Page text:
]. However, there are limitations of HRD testing, including prioritization and predicted impact of observed mutations, little emphasis on gene silencing via DNA methylation, and false positive rates. Building on HRD testing, recent testing of functional DNA repair has shown promise in identifying potential PARPi responders.

      3.1.1 Functional DNA repair

      The current target population for olaparib and rucaparib are patients with deficient HR DNA repair, which includes BRCA1/2-mutation (germline-olaparib or somatic-rucaparib) or a positive HRD score. Beyond mutations within the HR pathway, the inability to repair DNA DSBs promotes genetic instability. Genetic aberrations or “scarring” are common in HGSOC and this observation has led to the development of several novel DNA sequencing-based assays to assess the extent of genetic instability to better predict PARP inhibitor response. These assays include: extent of somatic mutations (Nmut), loss-of-heterozygosity (LOH), telomeric allelic imbalance (NtAi), and mutational signature [Reviewed in [
      • Watkins J.A.
      • Irshad S.
      • Grigoriadis A.
      • Tutt A.N.
      Genomic scars as biomarkers of homologous recombination deficiency and drug response in breast and ovarian cancers.
      ]]. In the phase II ARIEL 2 trial, in addition to germline or somatic BRCA mutation, genomic instability (i.e. LOH) was utilized as an inclusion criterion. Notably, BRCA wildtype patients with LOH had appreciable and significant objective response rates (RECIST/CA-125) compared to BRCA wildtype patients without LOH (44% [95% CI 33–55%] versus 20% [95% CI 11–31%]) [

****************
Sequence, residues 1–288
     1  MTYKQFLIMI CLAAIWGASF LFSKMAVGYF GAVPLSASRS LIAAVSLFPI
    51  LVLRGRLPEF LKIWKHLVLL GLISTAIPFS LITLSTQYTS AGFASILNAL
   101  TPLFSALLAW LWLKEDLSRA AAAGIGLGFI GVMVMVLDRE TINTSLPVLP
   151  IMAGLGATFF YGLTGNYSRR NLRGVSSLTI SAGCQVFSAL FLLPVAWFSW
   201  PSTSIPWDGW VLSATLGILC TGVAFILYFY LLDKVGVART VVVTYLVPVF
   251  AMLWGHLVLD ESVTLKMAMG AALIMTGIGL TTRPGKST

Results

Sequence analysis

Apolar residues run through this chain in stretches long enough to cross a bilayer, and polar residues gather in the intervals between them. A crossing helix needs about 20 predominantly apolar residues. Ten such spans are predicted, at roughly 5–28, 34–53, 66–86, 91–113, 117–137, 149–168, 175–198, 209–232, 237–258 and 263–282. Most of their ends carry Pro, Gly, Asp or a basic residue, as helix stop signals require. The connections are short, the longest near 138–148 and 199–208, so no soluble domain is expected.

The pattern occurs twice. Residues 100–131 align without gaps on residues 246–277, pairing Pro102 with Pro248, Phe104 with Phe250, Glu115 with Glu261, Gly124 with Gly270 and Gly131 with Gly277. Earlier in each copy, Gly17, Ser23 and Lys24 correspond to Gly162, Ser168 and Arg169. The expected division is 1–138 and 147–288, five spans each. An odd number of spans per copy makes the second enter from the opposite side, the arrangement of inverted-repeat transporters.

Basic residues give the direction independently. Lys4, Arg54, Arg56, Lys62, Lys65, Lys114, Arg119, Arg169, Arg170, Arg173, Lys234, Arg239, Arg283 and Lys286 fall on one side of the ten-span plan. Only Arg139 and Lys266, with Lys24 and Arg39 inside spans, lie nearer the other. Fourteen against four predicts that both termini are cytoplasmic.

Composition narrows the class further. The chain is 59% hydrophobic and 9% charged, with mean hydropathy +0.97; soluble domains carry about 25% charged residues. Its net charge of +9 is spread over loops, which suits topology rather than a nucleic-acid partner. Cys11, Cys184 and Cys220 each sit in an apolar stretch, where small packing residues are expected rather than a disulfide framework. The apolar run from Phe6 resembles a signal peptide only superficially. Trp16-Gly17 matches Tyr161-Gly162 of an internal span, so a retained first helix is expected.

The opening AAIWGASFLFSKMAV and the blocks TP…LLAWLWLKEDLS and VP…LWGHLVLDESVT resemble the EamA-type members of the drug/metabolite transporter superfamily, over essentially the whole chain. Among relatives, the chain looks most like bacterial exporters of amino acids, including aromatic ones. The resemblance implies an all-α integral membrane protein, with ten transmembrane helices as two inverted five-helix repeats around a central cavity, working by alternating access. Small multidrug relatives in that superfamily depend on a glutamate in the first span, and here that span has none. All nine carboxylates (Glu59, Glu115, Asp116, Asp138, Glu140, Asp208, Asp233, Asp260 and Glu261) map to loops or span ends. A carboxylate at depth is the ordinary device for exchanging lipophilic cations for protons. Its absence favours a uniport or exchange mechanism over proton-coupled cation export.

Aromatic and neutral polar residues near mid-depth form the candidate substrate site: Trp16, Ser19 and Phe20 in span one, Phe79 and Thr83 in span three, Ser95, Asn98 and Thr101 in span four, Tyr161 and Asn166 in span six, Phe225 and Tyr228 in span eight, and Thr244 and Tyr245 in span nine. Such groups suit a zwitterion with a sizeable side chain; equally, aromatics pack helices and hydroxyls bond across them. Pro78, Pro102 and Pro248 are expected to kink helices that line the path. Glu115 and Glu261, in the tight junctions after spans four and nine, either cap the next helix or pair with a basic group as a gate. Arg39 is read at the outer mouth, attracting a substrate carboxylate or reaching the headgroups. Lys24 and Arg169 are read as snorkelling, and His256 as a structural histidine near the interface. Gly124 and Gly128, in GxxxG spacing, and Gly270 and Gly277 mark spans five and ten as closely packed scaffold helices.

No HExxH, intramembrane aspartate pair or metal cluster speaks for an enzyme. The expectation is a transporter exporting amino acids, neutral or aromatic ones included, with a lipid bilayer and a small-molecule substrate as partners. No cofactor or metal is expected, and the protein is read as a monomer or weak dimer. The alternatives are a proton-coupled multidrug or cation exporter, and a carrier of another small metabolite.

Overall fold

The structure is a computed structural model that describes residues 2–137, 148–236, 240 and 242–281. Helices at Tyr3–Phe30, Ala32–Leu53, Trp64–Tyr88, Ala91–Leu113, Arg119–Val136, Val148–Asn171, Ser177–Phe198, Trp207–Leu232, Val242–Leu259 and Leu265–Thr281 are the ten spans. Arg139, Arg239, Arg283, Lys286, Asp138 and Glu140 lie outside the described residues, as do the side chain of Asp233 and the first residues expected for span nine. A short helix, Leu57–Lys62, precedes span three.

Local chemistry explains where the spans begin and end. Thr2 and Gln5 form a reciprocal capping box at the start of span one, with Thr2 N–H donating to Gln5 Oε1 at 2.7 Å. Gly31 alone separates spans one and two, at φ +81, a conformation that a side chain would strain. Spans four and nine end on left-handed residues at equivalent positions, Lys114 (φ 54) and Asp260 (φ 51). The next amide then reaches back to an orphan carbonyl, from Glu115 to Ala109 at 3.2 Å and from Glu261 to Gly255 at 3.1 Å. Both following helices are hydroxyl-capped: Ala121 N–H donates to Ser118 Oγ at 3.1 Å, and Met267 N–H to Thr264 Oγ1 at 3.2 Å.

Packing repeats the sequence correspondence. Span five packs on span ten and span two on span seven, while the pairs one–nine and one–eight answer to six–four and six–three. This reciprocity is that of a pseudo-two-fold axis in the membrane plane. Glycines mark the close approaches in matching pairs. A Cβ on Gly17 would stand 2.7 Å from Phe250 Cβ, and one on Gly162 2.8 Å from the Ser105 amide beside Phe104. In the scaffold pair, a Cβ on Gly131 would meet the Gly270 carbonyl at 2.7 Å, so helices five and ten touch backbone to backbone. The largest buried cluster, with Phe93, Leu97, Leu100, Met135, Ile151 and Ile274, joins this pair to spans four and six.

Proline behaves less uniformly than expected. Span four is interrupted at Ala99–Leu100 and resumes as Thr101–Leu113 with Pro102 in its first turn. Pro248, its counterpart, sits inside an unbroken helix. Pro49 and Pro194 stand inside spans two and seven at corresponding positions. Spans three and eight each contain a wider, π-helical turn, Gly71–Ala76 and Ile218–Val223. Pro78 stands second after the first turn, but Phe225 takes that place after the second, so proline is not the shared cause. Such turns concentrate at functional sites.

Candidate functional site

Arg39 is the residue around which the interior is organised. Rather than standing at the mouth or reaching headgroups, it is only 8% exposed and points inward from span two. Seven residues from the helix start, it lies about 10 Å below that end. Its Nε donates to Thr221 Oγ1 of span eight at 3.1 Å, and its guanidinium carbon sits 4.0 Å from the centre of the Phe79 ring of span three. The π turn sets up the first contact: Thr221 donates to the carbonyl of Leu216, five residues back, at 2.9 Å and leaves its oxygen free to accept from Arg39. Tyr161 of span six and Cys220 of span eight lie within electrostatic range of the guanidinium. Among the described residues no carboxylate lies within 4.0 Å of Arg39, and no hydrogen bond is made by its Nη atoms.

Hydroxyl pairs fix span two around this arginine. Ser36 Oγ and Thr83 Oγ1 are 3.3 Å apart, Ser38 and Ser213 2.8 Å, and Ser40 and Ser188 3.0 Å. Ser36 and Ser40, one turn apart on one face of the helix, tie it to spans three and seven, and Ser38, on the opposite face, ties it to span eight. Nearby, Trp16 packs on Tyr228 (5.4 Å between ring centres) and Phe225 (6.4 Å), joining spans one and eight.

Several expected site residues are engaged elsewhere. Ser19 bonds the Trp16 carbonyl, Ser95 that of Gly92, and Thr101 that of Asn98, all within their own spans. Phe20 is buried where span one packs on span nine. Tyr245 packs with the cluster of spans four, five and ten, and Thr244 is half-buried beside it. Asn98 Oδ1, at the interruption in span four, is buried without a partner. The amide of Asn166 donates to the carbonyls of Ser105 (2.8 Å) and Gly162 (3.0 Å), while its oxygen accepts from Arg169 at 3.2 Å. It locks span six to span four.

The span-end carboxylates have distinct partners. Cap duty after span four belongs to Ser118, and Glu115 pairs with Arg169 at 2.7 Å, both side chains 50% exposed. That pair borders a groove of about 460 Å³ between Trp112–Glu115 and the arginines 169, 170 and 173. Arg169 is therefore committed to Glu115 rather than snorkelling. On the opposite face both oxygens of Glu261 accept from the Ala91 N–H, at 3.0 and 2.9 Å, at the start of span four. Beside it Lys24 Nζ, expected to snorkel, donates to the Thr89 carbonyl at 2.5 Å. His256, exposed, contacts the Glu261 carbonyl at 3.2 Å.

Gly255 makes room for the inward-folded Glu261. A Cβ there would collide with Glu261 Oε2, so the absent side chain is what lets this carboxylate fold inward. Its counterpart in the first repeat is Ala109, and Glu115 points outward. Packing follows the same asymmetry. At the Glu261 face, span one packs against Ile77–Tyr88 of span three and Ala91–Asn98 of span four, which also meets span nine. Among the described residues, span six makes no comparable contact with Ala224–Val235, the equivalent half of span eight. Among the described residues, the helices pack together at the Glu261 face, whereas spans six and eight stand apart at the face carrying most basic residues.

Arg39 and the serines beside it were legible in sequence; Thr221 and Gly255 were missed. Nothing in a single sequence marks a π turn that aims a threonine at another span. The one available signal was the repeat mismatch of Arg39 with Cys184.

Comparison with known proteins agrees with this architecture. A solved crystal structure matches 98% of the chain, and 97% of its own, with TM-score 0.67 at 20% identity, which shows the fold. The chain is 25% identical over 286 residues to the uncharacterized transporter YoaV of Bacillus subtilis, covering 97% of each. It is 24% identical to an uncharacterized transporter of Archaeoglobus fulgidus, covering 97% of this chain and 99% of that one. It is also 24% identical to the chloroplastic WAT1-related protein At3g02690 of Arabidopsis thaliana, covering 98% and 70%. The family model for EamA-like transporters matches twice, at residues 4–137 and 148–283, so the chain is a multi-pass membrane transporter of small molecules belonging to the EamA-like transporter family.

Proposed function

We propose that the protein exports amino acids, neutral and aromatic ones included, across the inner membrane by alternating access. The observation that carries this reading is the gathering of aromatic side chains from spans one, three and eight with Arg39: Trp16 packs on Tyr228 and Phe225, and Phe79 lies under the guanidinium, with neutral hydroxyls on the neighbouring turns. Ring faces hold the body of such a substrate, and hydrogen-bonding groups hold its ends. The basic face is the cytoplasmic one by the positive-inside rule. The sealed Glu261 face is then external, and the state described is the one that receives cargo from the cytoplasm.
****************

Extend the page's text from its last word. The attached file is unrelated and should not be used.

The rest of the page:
• Swisher E.M.
      • Lin K.K.
      • Oza A.M.
      • Scott C.L.
      • Giordano H.
      • Sun J.
      • et al.
      Rucaparib in relapsed, platinum-sensitive high-grade ovarian carcinoma (ARIEL2 Part 1): an international, multicentre, open-label, phase 2 trial.
      ]. In contrast, ARIEL 3 examined rucaparib in BRCA wildtype patients with high, low or indeterminate LOH and observed that LOH status did not alter clinical benefit [
      • Coleman R.L.
      • Oza A.M.
      • Lorusso D.
      • Aghajanian C.
      • Oaknin A.
      • Dean A.
      • et al.
      Rucaparib maintenance treatment for recurrent ovarian carcinoma after response to platinum therapy (ARIEL3): a randomised, double-blind, placebo-controlled, phase 3 trial.
      ]. Thus combining traditional genetic testing with DNA repair activity readouts (e.g. LOH) could improve the ability to identify potential responders; however further research is still required to elucidate the impact of LOH on PARPi response.

      3.2 PARP expression

      Expression levels of PARP1/2 are hypothesized to be biomarker of inhibitor response. Olaparib and veliparib are highly selective inhibitors of PARP1 and PARP2; however other inhibitors (niraparib, rucaparib, and talazoparib) are broad PARPi. In ovarian cancer cell lines PARP1 protein expression positively correlated with PARP inhibitor response [
      • Sander Effron S.
      • Makvandi M.
      • Lin L.
      • Xu K.
      • Li S.
      • Lee H.
      • et al.